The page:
Posted Wednesday 14th November 2012 –
The Salisbury Saxon CX was the first event of the new CX Sportive season from the Cycle Events Organisation. The people behind the Trail Break MTB and Southern Sportive road event series, they launched their new CX Sportive format as balance between the two for the winter months. It’s easy to see the appeal at this time of year; the mixed surface courses are safer and more stable (and keep you warmer!) than winter road riding, but you’re not hub deep in mud the whole day as you might be on an MTB ride on a wet winter’s day. And more and more people from across cycling’s tribes are catching on to the format.
The event day dawned to clear blue skies and hint of warmth in the sun despite the temperature hovering just above zero. Perfect weather for a late autumn ride, but at the same time, we knew it was going to be wet, very wet.
After what seems like a year of rain, the ancient droves, despite running along the tops of the surrounding hills were waterlogged. The valley’s clear chalk streams were nearly bursting their banks and threatening the roads. Standing water and mud were conspiring against you on the trails.
But that’s part of the fun of a CX Sportive. The event is built for bikes and riders that are willing to go anywhere that is the course takes them. And that’s just what it does, weaving it’s way from ridge top to valley using just about any surface available, mixing rough with the smooth (and the wet with the ….wetter!)
Salisbury race course was the starting point for the ride. Sitting high on a ridge, it straddles one of the two parallel droves that run west from Salisbury making it an ideal start location to get right out into the countryside. Parking was easy and as you would expect from a race course, the facilities were more than adequate. Good catering and plenty of toilets meant no queues and plenty of time to get ready. It was bright and clear from the off, without a cloud in sight, and at 8.00 in the morning a light frost was reflecting the early sun and making everything shine.
Gathering for the start, it was fascinating to see so many different bikes. Unlike other events where just about every bike looks like just about every other bike, a glance around this morning revealed bikes old and new; CX, MTB (slinky hard tail, and big full sus) tourers, 29ers, single-speeds, hybrids and any mix of these. Some riders had been very creative in picking up the best aspects of the different styles to build their ‘do anything’ all rounder. Singlespeed CX’s, drop-barred 29ers, you name it. There was a real enthusiasm for the bike and the personal choice you had made for the day. In the end, different parts of the course were going to work out better for some bikes than others, but it would all balance out. Swings and roundabouts, not of course forgetting the water splashes!!
Right out of the start 200 yards of super smooth tarmac deteriorated into deep, stony puddles and slippery mud, courtesy of the local 4×4 community. There was an alternative route here and interestingly it presented a classic bit of CX; hurdle over a gate onto a much better surface and you had the chance to jump ahead of most of the MTBs tackling the rough stuff along the muddy track. Then it was back on to the road briefly for 100 yards before taking a narrow track weaving downhill across fields and through woods, across the valley road… and so the course went on, mixing road and track, big climbs and exhilarating descents. The first half of the route definitely favoured the mountain bikers, with some very deep puddles. field crossings and singletrack woodland sections, but the return leg introduced a few more road sections in the valley lanes, and a really tough 20% tarmac climb put the slimmer tyred CX bikes back in charge.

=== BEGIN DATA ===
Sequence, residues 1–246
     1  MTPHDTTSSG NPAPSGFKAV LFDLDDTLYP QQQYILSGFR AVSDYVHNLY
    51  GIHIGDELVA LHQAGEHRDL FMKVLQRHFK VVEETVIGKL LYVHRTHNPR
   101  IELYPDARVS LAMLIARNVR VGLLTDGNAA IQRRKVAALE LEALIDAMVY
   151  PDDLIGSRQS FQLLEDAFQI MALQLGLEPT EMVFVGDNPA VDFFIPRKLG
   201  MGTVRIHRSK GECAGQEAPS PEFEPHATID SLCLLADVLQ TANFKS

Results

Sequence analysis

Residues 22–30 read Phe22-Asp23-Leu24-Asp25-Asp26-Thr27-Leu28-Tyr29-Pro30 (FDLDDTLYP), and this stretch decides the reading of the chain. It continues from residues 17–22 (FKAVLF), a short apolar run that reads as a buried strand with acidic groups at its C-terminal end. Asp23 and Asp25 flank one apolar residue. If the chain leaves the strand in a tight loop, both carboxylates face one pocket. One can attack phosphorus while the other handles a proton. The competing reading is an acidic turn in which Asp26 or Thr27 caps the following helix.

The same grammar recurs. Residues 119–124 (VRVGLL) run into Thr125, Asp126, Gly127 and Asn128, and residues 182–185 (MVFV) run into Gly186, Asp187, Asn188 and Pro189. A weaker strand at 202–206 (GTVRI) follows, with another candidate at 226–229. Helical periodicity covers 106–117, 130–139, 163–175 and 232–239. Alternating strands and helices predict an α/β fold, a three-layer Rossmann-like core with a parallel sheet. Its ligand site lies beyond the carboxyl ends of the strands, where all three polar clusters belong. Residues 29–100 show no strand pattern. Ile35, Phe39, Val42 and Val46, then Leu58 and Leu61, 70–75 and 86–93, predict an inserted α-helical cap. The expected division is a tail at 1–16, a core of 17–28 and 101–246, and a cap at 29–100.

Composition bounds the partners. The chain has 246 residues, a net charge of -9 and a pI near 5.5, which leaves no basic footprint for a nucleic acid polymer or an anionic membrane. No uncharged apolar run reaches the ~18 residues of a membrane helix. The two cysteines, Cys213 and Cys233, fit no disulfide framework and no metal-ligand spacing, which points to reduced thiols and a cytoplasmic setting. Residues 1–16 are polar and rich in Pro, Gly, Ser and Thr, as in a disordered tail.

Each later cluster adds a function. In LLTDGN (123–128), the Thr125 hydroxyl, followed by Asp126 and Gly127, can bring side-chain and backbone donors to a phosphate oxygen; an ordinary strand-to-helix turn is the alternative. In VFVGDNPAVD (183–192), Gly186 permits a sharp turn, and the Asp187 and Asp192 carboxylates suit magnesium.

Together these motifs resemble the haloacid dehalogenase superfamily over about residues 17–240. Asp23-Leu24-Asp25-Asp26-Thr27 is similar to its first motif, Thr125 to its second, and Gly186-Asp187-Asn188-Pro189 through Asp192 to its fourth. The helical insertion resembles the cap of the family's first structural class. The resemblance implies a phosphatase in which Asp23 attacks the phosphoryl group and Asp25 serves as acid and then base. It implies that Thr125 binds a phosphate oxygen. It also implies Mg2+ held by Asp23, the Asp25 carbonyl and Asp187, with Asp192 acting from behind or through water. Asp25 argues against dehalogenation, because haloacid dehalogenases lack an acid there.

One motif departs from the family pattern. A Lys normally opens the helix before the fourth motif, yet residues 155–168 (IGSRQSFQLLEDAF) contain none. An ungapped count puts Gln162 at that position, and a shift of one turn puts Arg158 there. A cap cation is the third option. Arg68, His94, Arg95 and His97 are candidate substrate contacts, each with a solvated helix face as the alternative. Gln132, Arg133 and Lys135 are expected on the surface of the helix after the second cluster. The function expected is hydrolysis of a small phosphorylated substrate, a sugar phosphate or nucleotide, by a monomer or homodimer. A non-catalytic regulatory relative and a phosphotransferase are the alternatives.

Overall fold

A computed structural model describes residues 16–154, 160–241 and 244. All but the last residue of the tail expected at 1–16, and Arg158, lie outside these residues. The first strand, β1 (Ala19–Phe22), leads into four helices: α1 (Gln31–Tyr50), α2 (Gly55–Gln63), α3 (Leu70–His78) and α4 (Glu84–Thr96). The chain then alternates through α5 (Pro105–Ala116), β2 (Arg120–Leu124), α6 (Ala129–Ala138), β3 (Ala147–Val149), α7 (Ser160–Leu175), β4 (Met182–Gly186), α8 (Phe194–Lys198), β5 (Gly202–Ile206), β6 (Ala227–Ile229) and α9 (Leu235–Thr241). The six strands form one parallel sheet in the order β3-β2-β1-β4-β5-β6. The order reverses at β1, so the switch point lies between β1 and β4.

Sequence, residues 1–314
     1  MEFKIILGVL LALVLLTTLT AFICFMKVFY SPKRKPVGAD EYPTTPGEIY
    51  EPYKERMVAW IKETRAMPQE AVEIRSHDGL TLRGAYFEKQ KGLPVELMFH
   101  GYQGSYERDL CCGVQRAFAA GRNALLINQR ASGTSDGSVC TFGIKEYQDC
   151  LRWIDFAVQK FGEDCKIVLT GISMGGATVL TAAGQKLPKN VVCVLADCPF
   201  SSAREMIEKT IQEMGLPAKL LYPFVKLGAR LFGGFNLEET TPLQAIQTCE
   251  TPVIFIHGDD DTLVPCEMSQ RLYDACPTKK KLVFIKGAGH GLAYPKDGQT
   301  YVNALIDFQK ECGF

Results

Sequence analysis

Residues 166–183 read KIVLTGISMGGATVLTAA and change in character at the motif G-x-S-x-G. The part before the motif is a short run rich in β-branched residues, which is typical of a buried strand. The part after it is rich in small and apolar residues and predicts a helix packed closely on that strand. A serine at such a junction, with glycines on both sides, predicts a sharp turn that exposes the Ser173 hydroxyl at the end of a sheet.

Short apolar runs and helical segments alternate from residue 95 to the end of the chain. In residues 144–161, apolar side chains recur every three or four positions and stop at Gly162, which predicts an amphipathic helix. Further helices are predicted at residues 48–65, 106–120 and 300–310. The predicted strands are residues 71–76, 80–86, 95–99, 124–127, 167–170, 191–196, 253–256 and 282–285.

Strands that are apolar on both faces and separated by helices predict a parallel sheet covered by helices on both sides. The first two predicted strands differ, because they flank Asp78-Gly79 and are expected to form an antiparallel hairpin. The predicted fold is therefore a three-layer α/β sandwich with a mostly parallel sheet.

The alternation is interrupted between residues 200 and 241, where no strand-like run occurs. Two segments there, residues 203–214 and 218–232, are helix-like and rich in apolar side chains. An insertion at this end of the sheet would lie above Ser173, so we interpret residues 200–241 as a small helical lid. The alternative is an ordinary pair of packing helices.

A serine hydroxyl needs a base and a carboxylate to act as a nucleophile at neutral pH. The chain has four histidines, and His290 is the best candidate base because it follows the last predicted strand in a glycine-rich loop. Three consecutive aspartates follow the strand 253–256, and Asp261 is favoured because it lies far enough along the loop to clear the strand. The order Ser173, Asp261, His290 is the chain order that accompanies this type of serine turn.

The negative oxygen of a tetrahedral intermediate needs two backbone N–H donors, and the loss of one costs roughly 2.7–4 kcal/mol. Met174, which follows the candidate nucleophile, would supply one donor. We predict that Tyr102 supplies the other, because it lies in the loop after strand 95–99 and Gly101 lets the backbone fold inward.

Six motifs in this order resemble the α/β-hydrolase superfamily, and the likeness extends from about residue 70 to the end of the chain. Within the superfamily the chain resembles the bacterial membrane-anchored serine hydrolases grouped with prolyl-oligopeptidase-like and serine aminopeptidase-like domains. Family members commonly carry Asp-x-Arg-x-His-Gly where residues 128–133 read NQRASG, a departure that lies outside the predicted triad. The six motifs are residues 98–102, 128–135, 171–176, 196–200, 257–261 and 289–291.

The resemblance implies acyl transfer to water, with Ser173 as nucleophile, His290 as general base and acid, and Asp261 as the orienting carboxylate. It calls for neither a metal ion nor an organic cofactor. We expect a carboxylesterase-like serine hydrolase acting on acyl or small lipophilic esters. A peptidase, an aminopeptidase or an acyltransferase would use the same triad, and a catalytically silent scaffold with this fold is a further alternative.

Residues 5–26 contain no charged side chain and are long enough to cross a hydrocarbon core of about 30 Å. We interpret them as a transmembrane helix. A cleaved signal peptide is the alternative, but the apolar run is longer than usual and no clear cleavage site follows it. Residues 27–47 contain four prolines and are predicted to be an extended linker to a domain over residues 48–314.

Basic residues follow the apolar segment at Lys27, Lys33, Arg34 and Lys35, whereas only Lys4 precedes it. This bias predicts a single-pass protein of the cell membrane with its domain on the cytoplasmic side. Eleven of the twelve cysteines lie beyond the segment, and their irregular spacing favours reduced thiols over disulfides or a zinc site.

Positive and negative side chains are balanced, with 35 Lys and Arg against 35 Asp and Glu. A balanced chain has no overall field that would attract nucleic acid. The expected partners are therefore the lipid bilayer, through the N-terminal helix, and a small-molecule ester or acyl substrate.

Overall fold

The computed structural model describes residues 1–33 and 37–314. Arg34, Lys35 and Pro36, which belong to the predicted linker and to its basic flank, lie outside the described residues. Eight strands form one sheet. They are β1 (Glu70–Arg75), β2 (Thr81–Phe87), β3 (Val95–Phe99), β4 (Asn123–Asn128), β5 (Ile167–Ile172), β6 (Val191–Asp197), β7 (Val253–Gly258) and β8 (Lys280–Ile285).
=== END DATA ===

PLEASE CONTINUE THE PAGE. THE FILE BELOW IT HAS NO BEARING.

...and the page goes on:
When you looked up from the track, the valleys running west to east from Salisbury offered some absolutely stunning scenery, made even better by the bright sunshine and clear air. The droves form the backbone of the course and the intricate linkage of tracks, trails and quiet roads make this a really great area to explore on a bike. And if you took the time to stop for a moment, the views went on for miles. It was Sunday 11th November, Remembrance Sunday, so the organisers had announced they would grant every rider a minute on their ride time, to allow for those who wanted to stop and take their Remembrance Day pause for thought. And on a beautiful, crisp day, looking out on this landscape, in a part of he world with a long military heritage, this was maybe the perfect place to do so.
Back at base there were a lot of very tired riders. No doubt that was a hard ride. Even those taking on even one of the shorter distance was surprised at both the technical difficulties, and toughness the course offered. But listening to the chat it was clear that there was a real buzz too, and a sense of achievement. Sense of humour failures were conspicuous by their absence. Rides like that can take their toll, but live long in the memory for all the right reasons. With the bike washed and hot tea and food consumed there was still time to sit back and enjoy the last of the sunshine before heading home. Winter riding should always be like this.